I’ve had art projects on the agenda this last week so writing has taken a back seat. This phenomena occurs quite often with me when my mind shifts from art to writing. I’m not sure if it’s that I’m too dim of a bulb to shine my light in two corners at once or if I can only express myself creatively in one medium at a time.
Cold this morning walking along the dam. Just a hint of a breeze had me wearing one sweatshirt and wrapping the other one around my waist. Normally, maybe because I’m from Nova Scotia, I’m the one wearing shorts in December but lately I’m starting to feel the cold. Maybe the bones are getting old.
It seemed others had looked out their windows and decided not to bother, as the usual twenty or so diehard walkers had dwindled down to five or six. Halfway across my first mile I stopped to watch the low-lying morning clouds lift and bits of blue water appear from underneath. A young couple occupied a bench about ten feet to the right of me. I noticed them, but they were so involved in one another, had I been doing the two-step in a wet suit and flippers I probably wouldn’t have merited a sideways glance.
Watching them from time to time it occurred to me that love is a fascinating and elusive subject, particularly in the early stages. Having been married four times, I’ve dallied in its seductive embrace a time or two, but obviously with my track record I have no plans to teach a course on the subject in the immediate future.
This train of thought had pulled through my station earlier in the week coincidentally. As Halloween is lurking around the corner, my pencil was busy adding color to masks and putting the “grue” in gruesome for a local art campaign.
Halloween parties are the most fun parties for me to host. Primarily, I believe, because the guests come as someone other than themselves so can release their inner demons and cavort among strangers with their usual guards down. This brings me back to new relationships, if you were thinking “she really is a dim bulb” at this juncture.
In the early glow of a relationship we mask in many ways who we really are to entice the person we are infatuated with. Truthfully, if we brought Aunt Maudie on a first date who wears industrial strength hosiery rolled at the knees, eschews deodorant due to religious beliefs, and has an infuriating habit of depositing her uppers in the Avian at dinner to give them a good fizzin, second dates might never occur, Las Vegas wedding chapels would soon go to ruin, and eventually the species as we know it would disappear from the planet.
In the beginning we put our best foot forward and it’s usually wearing our best shoes. As familiarity sets in over the years and we grow accustomed to the face across the dining room table we let down our guard and the mask reveals more and more of who we really are. In all cases, this is not a positive thing, but in most it’s just a sign that the relationship is ripening, hopefully not that it develops a strong odor, but more that it has taken on a more comfortable feel.
I can remember setting the alarm an hour early so I could get up and put on my makeup and brush my teeth before my other half woke up, and socks and boxer shorts were not considered nighttime attire. Things change. Eventually keeping up the facade of perfection can be wearing and unrealistic and you just have to breathe and let that stomach out.
Romance, however, blooms on in good relationships. It’s two people who love each other, and perhaps more important like each other, because of, or sometimes in spite of who they are, and choose to travel the same path after sleepless nights walking a crying baby, blended families, job loss, teeth loss, weight loss, weight gain, bed hair, no hair, and whatever else compels us to stay with each other year after year and still look forward to seeing the other walk in the door.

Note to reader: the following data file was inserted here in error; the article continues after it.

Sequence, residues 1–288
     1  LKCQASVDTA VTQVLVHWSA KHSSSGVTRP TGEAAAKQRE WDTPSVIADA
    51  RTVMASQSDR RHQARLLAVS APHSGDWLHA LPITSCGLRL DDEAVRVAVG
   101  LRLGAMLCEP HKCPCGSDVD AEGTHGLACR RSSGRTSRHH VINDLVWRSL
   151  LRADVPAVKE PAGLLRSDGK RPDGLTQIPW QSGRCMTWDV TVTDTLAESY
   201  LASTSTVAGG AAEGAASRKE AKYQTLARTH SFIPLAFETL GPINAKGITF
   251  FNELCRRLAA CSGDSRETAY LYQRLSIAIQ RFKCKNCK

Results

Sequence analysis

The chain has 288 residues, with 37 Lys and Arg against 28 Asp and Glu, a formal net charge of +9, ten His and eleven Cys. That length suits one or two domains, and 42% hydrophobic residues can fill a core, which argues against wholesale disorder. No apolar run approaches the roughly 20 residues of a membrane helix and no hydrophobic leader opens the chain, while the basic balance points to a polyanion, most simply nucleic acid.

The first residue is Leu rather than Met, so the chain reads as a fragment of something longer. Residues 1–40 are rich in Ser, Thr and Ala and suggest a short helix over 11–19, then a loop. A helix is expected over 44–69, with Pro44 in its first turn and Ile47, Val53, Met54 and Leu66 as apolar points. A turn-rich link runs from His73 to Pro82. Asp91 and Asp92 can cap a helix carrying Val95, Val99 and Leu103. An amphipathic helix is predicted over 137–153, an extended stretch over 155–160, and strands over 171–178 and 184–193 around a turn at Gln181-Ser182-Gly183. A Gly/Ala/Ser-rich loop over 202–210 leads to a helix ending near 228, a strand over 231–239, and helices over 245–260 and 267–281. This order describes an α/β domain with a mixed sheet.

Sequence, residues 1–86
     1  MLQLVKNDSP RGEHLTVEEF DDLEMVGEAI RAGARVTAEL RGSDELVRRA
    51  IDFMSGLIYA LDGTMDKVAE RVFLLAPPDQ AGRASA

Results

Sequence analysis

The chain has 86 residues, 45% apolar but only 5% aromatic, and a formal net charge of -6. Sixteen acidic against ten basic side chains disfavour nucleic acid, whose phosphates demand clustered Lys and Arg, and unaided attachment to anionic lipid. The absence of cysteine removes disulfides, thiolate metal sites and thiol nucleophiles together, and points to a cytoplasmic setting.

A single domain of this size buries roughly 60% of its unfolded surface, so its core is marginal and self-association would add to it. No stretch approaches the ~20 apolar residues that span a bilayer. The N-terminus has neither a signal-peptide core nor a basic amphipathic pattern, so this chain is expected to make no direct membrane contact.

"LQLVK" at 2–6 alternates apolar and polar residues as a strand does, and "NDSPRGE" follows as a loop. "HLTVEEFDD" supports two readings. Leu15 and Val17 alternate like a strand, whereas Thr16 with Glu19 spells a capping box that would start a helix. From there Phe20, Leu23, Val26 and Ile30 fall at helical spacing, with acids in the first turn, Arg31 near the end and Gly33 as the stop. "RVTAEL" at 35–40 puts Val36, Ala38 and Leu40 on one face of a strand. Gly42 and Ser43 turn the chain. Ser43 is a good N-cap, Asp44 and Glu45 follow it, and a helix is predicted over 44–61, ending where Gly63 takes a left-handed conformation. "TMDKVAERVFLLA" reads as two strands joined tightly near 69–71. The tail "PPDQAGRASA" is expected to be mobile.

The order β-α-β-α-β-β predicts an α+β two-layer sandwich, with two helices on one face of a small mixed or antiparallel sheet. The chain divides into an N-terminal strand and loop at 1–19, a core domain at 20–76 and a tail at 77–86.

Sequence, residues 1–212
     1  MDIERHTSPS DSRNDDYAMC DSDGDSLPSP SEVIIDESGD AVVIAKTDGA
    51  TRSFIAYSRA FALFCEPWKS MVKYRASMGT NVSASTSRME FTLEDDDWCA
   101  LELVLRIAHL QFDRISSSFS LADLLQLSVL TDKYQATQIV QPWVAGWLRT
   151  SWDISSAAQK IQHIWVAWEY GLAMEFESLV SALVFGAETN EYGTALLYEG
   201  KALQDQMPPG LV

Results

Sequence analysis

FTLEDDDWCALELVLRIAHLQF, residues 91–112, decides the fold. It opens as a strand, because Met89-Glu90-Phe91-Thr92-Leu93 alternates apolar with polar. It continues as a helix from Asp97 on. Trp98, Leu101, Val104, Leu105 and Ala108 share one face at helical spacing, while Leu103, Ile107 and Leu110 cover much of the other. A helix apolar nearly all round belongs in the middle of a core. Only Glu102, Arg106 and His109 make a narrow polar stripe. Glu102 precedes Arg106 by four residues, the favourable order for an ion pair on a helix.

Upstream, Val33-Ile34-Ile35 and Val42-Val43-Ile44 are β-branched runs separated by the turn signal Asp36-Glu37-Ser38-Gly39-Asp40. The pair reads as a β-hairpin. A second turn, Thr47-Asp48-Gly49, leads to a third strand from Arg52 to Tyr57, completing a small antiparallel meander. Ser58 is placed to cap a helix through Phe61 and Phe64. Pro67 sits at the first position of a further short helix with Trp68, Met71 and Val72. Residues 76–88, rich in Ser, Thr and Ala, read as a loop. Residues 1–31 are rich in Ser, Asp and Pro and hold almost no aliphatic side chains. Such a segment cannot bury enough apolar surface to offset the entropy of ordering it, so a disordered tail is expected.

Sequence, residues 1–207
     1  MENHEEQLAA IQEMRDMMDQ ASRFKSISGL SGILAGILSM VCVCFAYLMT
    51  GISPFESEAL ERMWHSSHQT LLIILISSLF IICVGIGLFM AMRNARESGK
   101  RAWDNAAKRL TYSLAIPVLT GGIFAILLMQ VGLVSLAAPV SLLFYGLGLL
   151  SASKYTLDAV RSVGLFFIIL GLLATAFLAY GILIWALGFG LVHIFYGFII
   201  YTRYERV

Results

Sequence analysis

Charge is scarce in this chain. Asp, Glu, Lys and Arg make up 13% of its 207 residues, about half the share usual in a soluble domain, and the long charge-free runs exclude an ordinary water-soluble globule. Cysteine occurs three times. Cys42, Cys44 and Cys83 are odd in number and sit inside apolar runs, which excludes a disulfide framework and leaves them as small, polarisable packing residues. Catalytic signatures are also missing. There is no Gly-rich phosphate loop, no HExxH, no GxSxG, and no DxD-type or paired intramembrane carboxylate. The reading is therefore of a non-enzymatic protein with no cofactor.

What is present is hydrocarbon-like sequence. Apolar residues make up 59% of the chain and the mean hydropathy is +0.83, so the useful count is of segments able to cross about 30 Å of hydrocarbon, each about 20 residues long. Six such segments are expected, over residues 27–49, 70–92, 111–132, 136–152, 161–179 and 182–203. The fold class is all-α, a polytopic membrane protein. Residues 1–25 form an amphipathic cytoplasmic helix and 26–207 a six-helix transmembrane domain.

Intense heat can’t be sustained forever, or perhaps shouldn’t be. Perhaps if we didn’t have that strong initial attraction men and women being so inherently different, would gravitate towards those of our own sex like at mixed dinner parties and the maternity ward would be slow on a Saturday night. Who knows. No answers just questions, but I enjoy the familiarity of our years together. Not having to tell my old stories to a new face but rather making new stories with the old one. That’s my story for today. Have a great one!
The holidays are coming up. This is a nice side for a fall meal.
Brussel Sprouts au Gratin
1 lb. brussel sprouts, trimmed and quartered
4 strips of bacon, diced
1 cup leeks, sliced
1 Tbsp. all-purpose flour
2 tsp. garlic, minced
1/2 cup chicken broth
1/4 tsp. white pepper
1/4 tsp. salt
1/2 cup heavy cream
1 Tbsp. freshly squeezed lemon juice
2/3 cup Gruyere cheese, grated
1 cup plain breadcrumbs, dry
1 Tbsp. EV olive oil
1/4 cup walnuts, chopped
1/2 cup Gruyere cheese, grated
2 tsp. lemon zest
Salt and pepper to taste
Preheat oven to 350 degrees. Spray 2 quart baking dish with cooking spray.
Blanch brusell sprouts in boiling salted water for 5 mins. Drain and set aside.
Saute bacon in skillet until crisp. Remove with slotted spoon and drain on paper towels.
Add leeks to skillet. Cook over med. heat until softened. Whisk in flour and garlic. Cook 2 mins.
Whisk in broth, cream, lemon juice, white pepper and salt. Bring to a simmer and cook until thickened stirring constantly. Remove from heat. Add brussel sprouts, reserved bacon and 1/2 cup of Gruyere. Transfer to baking dish.
Heat 1 Tbsp. EV olive oil in non-stick skillet over med. heat. Stir in bread crumbs and walnuts. Cook, stirring constantly, until bread crumbs begin to turn golden brown. Remove from heat and allow to cool.
Stir in 1/2 cup Gruyere, lemon zest, salt and pepper. Top brussel sprouts with mixture and back 25-30 mins. until crumbs are brown.